The View From Here – Kids must learn that being smartly dressed is not comparable to being smart

Tom Henihan

Instead of evoking the idea of learning and education, having students return to school is now just another marketing opportunity like Valentine’s Day, Halloween, etc.

Watching TV commercials, one sees the clichés abound, especially the tired and tiresome stock scenario of pouting children and the ebullient parents who are looking forward to getting the kids out from under their feet.

Ironically, most children approach the end of summer with more enthusiasm than adults do.

Returning to school for kids is a mixture of trepidation and excitement: a return to the grind of daily classes but also the security and productivity of a structured routine and most importantly, at least for the first few days, reconnecting with friends, fellow students and even teachers.

However, commercial interests who target young people and their parents, package the entire back-to-school experience in superficial gauze that absolutely ignores any reference to education.

Everything is presented graphically with the high-contrast, ultra-bright synthetic colours of clothing, school supplies and accessories.

In the current media: commercials, TV shows and movies, school is painted as a menagerie of precocious social types with impeccable dress sense, which has to make matters unbelievably difficult for many regular kids struggling to find terra firma among such fleeting stereotypes.

Real superficial social types most successfully emulate superficial, fictional social types. This must make socializing and hanging out in school frustrating for complex, thoughtful and intelligent young people.

According to the media and those who use it as a platform to sell their wares, kids learn from their feet up, starting with footwear, jeans, and other apparel, because apparently in that universe, smartly dressed equates with being smart.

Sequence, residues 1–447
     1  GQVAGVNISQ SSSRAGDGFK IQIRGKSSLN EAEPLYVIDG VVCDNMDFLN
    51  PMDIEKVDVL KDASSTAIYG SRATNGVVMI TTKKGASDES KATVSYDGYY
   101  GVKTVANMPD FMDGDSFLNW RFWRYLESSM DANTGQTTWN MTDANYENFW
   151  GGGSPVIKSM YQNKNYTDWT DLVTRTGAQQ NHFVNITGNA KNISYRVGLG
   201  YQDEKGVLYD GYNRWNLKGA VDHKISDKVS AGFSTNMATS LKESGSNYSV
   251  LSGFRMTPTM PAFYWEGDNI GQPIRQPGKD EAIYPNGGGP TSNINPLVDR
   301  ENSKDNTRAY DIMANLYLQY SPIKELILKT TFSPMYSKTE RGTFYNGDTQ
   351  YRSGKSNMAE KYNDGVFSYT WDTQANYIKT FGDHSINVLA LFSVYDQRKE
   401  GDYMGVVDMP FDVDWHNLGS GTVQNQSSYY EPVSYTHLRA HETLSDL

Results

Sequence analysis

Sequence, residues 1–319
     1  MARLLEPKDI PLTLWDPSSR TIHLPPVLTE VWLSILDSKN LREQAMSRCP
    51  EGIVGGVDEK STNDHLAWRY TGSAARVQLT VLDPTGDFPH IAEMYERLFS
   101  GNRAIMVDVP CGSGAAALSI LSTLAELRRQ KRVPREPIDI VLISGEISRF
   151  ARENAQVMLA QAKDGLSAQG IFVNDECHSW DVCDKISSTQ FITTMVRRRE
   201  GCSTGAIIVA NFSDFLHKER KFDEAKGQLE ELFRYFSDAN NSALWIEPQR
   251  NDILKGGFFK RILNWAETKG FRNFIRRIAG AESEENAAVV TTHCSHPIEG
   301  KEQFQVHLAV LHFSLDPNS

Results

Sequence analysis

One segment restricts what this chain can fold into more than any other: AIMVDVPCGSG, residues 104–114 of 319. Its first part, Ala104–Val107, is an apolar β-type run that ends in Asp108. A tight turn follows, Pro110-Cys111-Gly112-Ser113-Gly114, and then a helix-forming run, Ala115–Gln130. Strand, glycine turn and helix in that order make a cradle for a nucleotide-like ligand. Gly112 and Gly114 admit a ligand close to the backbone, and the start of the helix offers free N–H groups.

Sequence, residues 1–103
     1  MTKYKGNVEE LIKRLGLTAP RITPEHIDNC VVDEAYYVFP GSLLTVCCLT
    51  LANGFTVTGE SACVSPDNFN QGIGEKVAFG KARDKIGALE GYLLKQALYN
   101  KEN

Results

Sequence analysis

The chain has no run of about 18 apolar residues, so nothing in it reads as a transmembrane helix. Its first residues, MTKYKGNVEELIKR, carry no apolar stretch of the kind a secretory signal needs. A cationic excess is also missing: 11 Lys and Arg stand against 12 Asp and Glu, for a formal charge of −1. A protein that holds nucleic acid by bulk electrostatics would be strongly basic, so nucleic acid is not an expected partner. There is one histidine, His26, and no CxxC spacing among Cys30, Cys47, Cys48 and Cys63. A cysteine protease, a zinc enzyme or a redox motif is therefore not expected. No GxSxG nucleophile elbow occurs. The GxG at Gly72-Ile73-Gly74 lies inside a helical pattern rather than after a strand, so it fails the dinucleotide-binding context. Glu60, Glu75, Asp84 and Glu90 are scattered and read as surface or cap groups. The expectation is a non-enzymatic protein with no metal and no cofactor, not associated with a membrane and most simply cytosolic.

Typically, kids want to return to school looking good and feeling that their clothes and demeanor fit with contemporary norms, and the need to conform to certain norms is not exclusive to children or teenagers.

It is easy to understand that new clothes and school supplies might be an incentive for kids in looking forward to a returning to school and while school should be a place of academic discipline is should never be austere.

However, it is up to parents and teachers to instill in children a sense of measure and equip them to recognize when mercenary interests are relentlessly offering them the lowest common denominator.

It is also up to parents and teacher to help children recognize when they are being tempted away from things of real and enduring value.

Parents and teachers must impart to children the value of things beyond appearances, things such as character, intellect and the imagination that will serve them best, and equip them best to serve others.

We should all find it objectionable, when the very environments and institutions that should be synonymous with learning and lofty aspirations are dumbing down, and depicted as places where the artificial and the superficial carry the greatest social cachet.


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